All publications of the Council are reviewed by external experts (‘peer reviewed’) before they are published. The working group, made up of members from a number of different fields (for example, science, medicine, law and philosophy), identifies between six and ten individuals who have a range of expertise relevant to the topic under consideration. The Council then invites the reviewers to comment on an early draft of the report. The responses of the reviewers are discussed by the working group and the draft is re-worked in the light of the comments received.
Reproduced below is the standard set of questions that peer reviewers are asked to consider when evaluating the report. These questions will usually be modified for particular reports, or new questions may be added.
- Are the arguments presented coherent and defensible?
- Are there other relevant papers of which the working group should be aware?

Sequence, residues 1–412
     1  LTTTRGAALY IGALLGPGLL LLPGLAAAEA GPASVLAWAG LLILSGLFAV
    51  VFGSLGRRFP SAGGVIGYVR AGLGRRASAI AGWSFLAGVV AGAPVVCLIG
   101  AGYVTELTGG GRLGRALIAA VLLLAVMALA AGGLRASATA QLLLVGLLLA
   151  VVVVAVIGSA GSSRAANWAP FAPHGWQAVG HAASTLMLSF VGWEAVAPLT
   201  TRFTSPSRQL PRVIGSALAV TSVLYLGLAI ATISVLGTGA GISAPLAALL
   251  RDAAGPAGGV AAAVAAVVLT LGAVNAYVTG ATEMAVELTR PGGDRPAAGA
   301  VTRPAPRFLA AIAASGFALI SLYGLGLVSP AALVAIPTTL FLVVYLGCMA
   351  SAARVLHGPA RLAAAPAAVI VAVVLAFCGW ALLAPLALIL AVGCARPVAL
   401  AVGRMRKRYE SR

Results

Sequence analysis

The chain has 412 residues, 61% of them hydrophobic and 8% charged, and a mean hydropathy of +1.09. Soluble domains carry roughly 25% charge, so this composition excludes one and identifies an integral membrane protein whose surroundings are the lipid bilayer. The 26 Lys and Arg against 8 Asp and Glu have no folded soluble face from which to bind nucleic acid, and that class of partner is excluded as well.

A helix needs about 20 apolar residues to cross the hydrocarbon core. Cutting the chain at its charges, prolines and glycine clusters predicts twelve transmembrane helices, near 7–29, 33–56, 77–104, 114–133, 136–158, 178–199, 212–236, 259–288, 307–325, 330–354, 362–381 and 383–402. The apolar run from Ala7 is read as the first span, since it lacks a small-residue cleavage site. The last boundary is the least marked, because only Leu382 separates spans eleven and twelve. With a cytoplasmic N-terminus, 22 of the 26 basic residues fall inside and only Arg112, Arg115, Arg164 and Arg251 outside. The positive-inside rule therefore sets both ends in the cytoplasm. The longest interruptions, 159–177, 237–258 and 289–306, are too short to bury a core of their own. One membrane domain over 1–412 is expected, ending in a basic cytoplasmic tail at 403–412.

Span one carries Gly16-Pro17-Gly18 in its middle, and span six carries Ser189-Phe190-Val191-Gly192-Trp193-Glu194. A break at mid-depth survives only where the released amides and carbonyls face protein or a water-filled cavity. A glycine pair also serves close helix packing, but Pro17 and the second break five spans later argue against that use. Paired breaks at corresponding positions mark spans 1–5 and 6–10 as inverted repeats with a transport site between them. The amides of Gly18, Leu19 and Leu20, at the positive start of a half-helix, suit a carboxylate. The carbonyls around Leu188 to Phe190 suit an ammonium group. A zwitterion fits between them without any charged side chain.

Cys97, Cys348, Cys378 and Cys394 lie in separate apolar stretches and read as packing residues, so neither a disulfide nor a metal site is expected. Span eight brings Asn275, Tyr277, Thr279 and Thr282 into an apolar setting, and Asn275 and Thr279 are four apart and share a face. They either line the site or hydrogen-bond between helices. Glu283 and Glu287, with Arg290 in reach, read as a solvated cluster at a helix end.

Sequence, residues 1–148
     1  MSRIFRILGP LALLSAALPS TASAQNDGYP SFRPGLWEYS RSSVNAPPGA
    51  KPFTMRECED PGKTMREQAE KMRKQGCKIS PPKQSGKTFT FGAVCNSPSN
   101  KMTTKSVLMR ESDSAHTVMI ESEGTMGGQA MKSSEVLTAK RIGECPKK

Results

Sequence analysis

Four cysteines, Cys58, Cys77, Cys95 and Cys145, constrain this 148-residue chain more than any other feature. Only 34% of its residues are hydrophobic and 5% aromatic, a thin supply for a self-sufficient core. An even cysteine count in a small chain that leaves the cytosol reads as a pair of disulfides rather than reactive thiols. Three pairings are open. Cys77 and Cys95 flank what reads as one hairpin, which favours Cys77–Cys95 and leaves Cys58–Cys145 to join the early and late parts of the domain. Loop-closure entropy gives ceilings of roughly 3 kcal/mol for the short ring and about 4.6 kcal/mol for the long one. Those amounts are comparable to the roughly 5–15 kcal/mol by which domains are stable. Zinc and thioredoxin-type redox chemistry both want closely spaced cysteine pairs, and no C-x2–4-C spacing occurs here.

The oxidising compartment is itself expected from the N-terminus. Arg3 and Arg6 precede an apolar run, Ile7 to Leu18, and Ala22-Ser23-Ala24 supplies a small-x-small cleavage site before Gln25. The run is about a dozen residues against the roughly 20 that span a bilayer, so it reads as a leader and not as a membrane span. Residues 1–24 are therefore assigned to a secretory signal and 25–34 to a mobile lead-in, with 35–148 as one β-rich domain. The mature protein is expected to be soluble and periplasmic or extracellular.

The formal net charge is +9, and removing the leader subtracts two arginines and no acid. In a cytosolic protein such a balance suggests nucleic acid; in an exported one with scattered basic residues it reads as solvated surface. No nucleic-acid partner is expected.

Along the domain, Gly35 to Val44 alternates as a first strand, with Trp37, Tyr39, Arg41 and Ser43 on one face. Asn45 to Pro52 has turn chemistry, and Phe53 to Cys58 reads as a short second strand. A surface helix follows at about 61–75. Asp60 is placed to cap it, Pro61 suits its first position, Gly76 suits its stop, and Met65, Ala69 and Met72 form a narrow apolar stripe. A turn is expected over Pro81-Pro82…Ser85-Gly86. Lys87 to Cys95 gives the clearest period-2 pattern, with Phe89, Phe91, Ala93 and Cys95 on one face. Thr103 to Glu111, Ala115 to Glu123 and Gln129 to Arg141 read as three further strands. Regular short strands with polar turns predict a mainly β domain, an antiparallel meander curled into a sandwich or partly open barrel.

- Is the evidence presented in a fair and balanced manner? Are uncertainties or incompleteness in the evidence explicitly recognised?
- Are the conclusions and recommendations valid and useful? Is the rationale clearly explained? Are they achievable?
- Are all the principal areas of concern addressed or are there significant omissions?
- Are there areas of duplication that should be eliminated?
- Are the various chapters of the report sufficiently similar in style to produce a homogeneous whole?
- Is the report written in a style that makes it accessible to a wide range of users?